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Capitalist Exploitation

This paper attempts to discuss the issue of capitalism while at the same time exploring the concepts of US dominance. The paper provides an analysis of the issue of capitalism while looking into details the concept of interdependence, dependency as well as the mercantilist theories. The issue of capitalism is as old as mankind and the paper equally attempts to explore how it is impacting in the developing nations. The paper also explores the single dominant status of America which she has been enjoying for many years. This paper in line with this idea attempts to explore the emerging trends of the in the global fronts.

At the sane time the paper attempts to explore the countries which are emerging as the challenges to the dominance being enjoyed by the US. Finally the paper examines the realists vision of national interest and how it related to the other national interest. 1. Dependency and independency Capitalism started spreading since the end of the second world. A consensus was held in Washington to open up market and free trade this has led to current global crisis in financial markets that is making poor countries more poorer (Cohen ,1998,p.1).

Capitalism of free markets is so volatile as alluded by Robert Hormats of Goldman Sachs International that uncertainties and disquiet exist in the heart of increasing pressure to realize pain of globalization. ( Cohen,1998,p. 2). Anthony Giddens of London school of economics comments about need for urgent governance of the world economy (Cohen,1998,p. 3). Capitalism played key role in opening up hinterlands , agricultural and industrial revolution.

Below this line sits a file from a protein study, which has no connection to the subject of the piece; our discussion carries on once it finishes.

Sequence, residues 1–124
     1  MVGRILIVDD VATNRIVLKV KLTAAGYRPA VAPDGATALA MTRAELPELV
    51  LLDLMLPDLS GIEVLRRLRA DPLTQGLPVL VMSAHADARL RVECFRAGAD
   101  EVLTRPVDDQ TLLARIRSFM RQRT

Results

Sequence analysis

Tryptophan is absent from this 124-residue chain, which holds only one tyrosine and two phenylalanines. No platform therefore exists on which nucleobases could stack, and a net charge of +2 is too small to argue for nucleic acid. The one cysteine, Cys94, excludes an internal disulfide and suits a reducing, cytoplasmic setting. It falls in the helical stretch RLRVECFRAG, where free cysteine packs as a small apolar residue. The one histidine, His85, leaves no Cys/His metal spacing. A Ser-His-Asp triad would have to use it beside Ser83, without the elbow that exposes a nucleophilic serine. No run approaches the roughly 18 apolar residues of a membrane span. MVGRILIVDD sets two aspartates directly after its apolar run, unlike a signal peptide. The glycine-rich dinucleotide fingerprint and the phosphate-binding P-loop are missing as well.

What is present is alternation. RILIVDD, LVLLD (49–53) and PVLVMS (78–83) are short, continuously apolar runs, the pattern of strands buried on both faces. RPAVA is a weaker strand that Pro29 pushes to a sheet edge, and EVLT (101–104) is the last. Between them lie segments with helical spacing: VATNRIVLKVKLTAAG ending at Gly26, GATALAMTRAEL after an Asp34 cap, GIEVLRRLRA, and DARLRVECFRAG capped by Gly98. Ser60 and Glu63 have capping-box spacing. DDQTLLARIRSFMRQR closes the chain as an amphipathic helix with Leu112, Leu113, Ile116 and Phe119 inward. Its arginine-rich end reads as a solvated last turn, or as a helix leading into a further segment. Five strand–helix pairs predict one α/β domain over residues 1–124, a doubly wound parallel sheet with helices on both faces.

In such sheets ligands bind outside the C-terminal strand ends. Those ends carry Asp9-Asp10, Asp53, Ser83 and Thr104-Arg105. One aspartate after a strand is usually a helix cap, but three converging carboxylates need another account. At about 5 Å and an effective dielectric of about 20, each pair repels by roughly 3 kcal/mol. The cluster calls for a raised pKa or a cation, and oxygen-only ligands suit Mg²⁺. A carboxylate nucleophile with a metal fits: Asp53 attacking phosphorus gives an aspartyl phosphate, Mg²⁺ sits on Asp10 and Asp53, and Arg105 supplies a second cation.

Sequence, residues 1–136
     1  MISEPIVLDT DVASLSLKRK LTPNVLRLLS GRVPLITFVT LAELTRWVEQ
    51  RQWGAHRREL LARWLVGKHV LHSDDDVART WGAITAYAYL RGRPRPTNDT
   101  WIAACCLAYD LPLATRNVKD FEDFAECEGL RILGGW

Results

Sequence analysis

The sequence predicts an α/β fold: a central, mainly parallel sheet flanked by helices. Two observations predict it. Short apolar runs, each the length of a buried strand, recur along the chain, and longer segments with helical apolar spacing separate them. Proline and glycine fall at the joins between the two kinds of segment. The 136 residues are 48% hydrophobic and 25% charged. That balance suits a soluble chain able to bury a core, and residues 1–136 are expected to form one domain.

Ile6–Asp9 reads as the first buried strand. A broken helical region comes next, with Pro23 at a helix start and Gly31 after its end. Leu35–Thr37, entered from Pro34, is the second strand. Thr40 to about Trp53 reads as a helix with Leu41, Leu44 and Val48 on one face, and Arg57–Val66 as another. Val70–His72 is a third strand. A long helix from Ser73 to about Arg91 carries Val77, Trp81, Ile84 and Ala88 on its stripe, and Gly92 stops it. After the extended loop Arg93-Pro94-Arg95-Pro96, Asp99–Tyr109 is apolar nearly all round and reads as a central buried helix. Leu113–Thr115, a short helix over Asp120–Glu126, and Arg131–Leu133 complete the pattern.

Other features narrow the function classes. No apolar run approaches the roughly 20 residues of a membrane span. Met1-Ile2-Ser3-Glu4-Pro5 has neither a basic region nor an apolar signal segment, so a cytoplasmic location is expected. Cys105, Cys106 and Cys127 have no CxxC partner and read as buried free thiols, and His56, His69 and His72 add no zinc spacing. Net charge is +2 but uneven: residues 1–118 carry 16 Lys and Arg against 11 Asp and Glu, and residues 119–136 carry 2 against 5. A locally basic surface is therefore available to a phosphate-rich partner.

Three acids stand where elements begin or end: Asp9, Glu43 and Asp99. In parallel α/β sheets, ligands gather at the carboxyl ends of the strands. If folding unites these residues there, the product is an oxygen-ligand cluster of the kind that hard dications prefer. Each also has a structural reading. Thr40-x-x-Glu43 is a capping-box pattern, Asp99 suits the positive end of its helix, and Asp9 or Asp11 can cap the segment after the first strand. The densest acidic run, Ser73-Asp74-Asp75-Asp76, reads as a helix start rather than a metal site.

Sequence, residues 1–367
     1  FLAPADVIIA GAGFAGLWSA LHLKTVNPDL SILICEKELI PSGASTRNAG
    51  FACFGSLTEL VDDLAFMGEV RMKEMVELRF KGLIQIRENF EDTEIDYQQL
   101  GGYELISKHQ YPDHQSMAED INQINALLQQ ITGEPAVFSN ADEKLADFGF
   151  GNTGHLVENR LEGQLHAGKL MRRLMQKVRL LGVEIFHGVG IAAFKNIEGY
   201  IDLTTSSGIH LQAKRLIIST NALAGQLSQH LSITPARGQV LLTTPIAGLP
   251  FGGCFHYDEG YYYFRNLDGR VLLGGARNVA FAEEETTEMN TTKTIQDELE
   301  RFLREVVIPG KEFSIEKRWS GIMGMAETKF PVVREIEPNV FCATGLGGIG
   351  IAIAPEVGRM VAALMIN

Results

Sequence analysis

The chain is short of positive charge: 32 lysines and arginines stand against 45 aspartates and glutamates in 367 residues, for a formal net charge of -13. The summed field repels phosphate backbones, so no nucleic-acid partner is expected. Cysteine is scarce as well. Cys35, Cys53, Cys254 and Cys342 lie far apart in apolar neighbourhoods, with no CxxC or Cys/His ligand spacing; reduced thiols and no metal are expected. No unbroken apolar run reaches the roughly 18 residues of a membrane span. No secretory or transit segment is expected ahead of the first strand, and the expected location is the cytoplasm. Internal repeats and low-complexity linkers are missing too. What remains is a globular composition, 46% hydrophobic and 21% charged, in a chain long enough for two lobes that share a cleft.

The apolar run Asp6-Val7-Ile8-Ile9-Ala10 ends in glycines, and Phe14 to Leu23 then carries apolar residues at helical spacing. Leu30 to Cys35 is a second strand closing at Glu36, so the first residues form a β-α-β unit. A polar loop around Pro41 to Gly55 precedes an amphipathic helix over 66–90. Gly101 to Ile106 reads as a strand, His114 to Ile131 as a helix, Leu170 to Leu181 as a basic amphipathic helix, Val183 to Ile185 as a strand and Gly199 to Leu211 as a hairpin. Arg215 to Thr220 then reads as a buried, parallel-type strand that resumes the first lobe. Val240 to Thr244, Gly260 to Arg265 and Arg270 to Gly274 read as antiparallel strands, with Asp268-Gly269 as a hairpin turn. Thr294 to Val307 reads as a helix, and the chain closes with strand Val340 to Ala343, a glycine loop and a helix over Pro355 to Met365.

In contrast, is the same capitalism revolution that is sending hundreds of millions of people who hold stock either through mutual or direct funds. Elsewhere capitalism has had drastic effects by raising rates of poverty to alarming levels (Cohen, 1998, p. 4) Post-colonization left most of colony countries still heavily self-reliable. Although postcolonial theory claims to have led to modernization, however the level of dependency and imbalance of trade left the colony countries and new leaders with no choice but rely on mother countries for economic growth.

Dependency is based on structural and social-economic perception, on the other hand development and imperialism has tied capitalism to postcolonial theory (ISSN, 2002, p. 2). The reality is that the postcolonial theory advocates for post-structural and cultural perception that is embedded to imperialism. The reality is that development of economies and underdevelopment are actually opposite sides of the same coin (ISSN, 2002, p. 3). Leaders in third world countries have found themselves quietly championing imperialism at the expense of its people and economy.